From: Peter Dimov (pdimov_at_[hidden])
Date: 2006-10-25 19:10:57
Ovidiu Cristea wrote:
> To make a long story short, here's my situation:
> - we just upgraded to boost 1.33 from 1.32;
> - trying to compile on Linux (Windows will follow soon); we're mostly
> using gcc, with the exception of some pieces that we use Intel C++
> 9.x for; - some piece of the code I'm trying to build uses boost
> shared pointers
> and, being a port from Windows, inline Microsoft-style assembler code;
> - the rest of my 'world' is built in an environment that causes
> boost/detail/sp_counted_base_gcc_x86.hpp to be used for the shared_ptr
> The problem I ran into is that, well,
> boost/detail/sp_counted_base_gcc_x86.hpp contains gnu-style inline
> assembler, and icc (intel C++ compiler) refuses to mix the 2 assembler
> styles in one file.
A very unusual situation. :-)
> After a little snooping around, I found that there is a file called
> boost/detail/sp_counted_base_cw_x86.hpp, which contains the equivalent
> functionality as *gcc_x86.hpp, only written in Microsoft-style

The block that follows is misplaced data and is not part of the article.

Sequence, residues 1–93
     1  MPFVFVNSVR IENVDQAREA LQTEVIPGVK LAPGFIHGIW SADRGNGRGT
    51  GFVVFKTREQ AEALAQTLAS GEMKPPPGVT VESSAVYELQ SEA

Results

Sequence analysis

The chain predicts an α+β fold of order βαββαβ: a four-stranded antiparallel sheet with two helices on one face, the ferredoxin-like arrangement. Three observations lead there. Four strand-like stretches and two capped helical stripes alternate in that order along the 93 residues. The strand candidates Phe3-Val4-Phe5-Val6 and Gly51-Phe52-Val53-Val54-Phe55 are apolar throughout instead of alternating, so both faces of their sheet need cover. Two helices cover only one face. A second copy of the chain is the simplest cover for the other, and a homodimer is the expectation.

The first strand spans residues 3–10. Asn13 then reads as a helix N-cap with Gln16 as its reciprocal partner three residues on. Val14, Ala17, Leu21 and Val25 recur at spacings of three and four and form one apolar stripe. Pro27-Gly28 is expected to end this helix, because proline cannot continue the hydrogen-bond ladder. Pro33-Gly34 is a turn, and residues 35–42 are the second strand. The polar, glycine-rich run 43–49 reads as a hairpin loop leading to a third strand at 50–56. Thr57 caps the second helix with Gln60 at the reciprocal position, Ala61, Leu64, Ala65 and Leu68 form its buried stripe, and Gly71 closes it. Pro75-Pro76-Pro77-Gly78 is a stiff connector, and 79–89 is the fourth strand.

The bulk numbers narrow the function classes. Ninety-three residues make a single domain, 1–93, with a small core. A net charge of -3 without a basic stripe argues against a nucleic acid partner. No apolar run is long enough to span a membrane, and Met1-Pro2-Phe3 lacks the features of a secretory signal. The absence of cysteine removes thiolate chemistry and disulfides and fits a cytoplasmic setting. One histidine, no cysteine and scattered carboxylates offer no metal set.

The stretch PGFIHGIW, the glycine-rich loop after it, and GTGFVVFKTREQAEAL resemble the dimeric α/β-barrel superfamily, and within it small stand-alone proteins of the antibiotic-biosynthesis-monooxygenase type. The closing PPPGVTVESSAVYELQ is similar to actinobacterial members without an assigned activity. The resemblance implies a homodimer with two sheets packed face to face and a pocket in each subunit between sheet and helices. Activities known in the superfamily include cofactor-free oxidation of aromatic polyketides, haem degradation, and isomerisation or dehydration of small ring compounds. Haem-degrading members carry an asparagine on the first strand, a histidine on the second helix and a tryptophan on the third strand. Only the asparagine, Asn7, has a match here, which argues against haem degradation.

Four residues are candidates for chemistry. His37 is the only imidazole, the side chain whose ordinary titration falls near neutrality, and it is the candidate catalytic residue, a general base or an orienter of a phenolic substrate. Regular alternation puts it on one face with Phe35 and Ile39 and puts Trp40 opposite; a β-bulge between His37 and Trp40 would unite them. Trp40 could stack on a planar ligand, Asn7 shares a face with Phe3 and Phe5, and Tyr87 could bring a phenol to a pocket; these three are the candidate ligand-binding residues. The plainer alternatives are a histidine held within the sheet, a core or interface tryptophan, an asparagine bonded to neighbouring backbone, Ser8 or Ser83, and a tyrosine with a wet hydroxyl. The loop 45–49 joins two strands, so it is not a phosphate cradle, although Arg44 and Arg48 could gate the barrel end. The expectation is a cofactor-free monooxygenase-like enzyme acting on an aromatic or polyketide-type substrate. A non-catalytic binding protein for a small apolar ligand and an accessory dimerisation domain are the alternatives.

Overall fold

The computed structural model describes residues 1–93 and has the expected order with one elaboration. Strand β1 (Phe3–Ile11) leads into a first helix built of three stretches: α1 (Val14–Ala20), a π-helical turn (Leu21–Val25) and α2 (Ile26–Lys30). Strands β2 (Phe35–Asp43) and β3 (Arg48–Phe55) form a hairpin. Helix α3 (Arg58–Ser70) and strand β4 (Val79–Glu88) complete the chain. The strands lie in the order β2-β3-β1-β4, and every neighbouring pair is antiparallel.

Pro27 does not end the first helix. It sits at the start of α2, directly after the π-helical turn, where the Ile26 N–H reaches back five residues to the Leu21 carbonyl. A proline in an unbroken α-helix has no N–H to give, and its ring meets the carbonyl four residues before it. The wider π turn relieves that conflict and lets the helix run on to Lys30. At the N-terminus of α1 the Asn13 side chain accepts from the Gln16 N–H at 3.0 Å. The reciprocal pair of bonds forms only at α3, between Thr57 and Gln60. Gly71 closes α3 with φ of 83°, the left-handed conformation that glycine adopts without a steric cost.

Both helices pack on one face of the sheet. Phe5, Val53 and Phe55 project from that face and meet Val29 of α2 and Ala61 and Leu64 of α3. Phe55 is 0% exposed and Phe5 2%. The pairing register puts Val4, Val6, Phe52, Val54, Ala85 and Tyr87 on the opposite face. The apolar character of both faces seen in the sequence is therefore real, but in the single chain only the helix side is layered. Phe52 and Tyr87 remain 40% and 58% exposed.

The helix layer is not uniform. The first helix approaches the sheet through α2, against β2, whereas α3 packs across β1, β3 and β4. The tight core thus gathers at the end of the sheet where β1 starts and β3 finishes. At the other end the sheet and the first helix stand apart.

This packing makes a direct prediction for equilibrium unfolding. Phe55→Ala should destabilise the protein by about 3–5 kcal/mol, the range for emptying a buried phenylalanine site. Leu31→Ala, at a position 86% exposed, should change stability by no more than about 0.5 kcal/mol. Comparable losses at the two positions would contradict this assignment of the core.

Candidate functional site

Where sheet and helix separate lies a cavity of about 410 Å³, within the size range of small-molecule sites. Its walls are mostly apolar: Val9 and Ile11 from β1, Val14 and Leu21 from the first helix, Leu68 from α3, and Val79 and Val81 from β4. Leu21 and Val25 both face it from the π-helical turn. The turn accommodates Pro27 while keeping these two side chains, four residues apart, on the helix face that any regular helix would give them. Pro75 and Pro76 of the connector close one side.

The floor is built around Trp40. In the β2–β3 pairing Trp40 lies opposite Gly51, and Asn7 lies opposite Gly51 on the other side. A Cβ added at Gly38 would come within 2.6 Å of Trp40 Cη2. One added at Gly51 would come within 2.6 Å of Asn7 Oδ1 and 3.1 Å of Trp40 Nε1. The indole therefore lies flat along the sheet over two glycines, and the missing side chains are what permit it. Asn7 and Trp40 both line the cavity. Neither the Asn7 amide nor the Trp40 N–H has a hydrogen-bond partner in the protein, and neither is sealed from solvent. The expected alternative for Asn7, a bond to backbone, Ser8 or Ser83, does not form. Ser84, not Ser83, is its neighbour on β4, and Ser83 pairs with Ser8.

> I rigged it to use this and it 'seems' to work.
> And now for the questions:
> - is there any reason why in my release the #include of the
> file was commented out? Is it not performing as it should? Any other
It wasn't tested as extensively as the others and there was no need for it
since CodeWarrior/Windows works with sp_counted_base_w32.
> - is it safe for me to compile part of my classes with *gcc_x86.hpp,
> and part with *cw_x86.hpp?
In principle, this is a violation of the One Definition Rule... In practice,
it should work.
> - if the above answers are 'favorable', is it possible for future
> releases to include a way for people to easily have the MS-assembly
> file included instead of the gnu one?
It would probably be better to introduce an Intel-specific sp_counted_base
that uses its intrinsics. I don't know whether the Intel compiler for Linux
supports the _Interlocked* family, though; or whether the following
that were originally introduced in icc/ia64 (and later adopted by g++ 4.1)
work under icc/x86.
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